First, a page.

By Jesse Drake
With LabVIEW, National Instruments (NI) took some of the programming complexity out of system and software development. And now, University of Utah students may use LabVIEW on their laptops and desktop computers at no cost.
"Students are getting the same industry-leading software that is being used in the labs," said Bill Lutz, vendor manager for the Office of Software Licensing (OSL).
The U maintains an NI LabVIEW academic site license for university-owned computers. The vendor has decided to provide students with free access to the same software. Students can install LabVIEW in four easy steps.
LabVIEW works the way that the majority of people think – visually. Short for Laboratory Virtual Instrument Engineering Workbench, LabVIEW's key innovation is a proprietary graphical programming language called "G," which uses graphical diagrams instead of lines of text found in traditional programming languages like C, C++, or Java.
G workflows build the necessary code behind the scenes. According to NI, a single section of drag-and-drop G code is equivalent to 50 lines of text-based code. This allows LabVIEW users to better visualize every aspect of software and application design, and with the right training, more quickly develop working code.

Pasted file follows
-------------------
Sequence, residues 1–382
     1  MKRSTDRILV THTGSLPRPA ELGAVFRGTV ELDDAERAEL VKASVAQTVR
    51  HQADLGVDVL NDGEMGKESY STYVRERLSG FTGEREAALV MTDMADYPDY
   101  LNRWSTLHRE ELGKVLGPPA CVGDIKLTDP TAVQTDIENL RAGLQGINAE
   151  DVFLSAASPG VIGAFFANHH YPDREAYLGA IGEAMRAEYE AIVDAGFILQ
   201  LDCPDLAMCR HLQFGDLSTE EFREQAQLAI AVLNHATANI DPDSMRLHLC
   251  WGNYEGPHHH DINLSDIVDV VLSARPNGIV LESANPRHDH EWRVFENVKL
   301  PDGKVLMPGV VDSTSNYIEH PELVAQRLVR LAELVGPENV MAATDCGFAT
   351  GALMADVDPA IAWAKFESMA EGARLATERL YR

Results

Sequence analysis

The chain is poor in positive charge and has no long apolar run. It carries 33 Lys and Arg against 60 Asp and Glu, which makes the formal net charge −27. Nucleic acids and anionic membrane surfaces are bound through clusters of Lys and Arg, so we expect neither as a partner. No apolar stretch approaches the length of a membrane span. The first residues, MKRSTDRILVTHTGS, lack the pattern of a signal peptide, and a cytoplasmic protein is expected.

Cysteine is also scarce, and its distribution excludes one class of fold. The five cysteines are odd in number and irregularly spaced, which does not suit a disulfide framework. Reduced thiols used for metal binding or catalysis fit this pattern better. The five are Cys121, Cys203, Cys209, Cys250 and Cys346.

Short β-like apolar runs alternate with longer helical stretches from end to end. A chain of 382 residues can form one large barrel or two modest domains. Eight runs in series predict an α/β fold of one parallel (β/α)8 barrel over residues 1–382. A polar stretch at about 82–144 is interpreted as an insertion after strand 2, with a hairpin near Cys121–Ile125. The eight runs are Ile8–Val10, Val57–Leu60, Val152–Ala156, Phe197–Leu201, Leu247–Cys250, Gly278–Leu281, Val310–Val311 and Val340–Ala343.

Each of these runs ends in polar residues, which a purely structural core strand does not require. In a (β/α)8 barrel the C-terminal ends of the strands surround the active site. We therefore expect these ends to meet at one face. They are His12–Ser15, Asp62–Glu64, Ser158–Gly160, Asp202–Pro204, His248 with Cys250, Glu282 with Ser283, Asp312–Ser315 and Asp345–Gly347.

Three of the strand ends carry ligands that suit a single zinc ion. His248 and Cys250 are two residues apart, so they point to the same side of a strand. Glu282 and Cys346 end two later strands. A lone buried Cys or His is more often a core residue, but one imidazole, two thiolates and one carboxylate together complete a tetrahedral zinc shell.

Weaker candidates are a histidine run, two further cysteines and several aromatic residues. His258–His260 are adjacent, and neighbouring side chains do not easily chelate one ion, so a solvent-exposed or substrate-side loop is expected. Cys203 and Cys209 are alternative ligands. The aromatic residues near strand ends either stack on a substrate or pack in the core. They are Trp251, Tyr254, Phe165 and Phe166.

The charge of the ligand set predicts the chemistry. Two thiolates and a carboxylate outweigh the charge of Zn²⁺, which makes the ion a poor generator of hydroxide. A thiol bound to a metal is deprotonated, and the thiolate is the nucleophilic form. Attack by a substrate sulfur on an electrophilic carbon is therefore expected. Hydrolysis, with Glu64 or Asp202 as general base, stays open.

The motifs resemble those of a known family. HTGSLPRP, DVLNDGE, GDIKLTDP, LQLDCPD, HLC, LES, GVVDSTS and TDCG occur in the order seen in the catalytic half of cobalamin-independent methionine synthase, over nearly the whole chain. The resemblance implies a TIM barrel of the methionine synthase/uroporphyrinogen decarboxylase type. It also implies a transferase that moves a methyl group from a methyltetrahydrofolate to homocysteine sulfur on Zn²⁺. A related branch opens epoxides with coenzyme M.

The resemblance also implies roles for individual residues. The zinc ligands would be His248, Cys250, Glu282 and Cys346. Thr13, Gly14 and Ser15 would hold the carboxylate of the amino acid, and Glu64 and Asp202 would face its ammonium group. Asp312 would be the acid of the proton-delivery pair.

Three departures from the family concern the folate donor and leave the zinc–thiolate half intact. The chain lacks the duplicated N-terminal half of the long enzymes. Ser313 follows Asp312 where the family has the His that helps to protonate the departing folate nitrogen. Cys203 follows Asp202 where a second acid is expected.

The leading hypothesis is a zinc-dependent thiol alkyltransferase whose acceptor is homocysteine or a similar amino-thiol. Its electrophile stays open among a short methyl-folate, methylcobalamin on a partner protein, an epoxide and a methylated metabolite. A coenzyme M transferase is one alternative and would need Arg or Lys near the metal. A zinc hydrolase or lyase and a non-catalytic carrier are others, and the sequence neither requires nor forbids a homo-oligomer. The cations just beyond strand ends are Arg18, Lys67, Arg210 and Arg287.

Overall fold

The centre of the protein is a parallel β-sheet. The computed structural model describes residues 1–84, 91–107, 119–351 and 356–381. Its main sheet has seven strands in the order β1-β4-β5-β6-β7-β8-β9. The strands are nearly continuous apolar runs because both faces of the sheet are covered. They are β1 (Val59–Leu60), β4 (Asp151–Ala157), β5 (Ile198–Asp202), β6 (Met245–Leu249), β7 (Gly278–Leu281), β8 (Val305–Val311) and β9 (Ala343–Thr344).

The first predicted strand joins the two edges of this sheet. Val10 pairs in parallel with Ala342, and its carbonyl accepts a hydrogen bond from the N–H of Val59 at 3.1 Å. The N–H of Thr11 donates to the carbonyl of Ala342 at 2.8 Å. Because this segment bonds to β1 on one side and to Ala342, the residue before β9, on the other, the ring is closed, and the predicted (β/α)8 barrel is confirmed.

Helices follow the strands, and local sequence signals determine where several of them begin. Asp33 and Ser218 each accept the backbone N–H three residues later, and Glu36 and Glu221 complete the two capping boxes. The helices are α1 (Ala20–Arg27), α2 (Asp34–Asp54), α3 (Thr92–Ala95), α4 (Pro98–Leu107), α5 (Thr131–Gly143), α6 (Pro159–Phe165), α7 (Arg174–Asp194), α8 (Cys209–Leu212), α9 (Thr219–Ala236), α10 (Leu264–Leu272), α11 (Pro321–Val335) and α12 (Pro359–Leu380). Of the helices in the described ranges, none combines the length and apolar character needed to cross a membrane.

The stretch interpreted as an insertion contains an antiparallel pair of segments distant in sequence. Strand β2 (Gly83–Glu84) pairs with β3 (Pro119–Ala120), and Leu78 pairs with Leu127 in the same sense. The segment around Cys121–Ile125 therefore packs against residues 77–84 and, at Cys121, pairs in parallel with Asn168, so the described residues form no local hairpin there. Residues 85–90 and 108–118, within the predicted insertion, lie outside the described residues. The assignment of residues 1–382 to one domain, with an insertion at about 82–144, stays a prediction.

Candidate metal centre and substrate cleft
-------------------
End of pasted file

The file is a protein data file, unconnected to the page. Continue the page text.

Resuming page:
LabVIEW is ideal for parallel programming, too, and the 2018 iteration of the software includes code support and standard integration with a broader set of languages that includes Python. LabVIEW also easily connects to hardware and common applications like Microsoft Excel.
Watch the video below for a quick glance at LabVIEW, and visit the OSL website to learn more about the U’s new student license and related resources.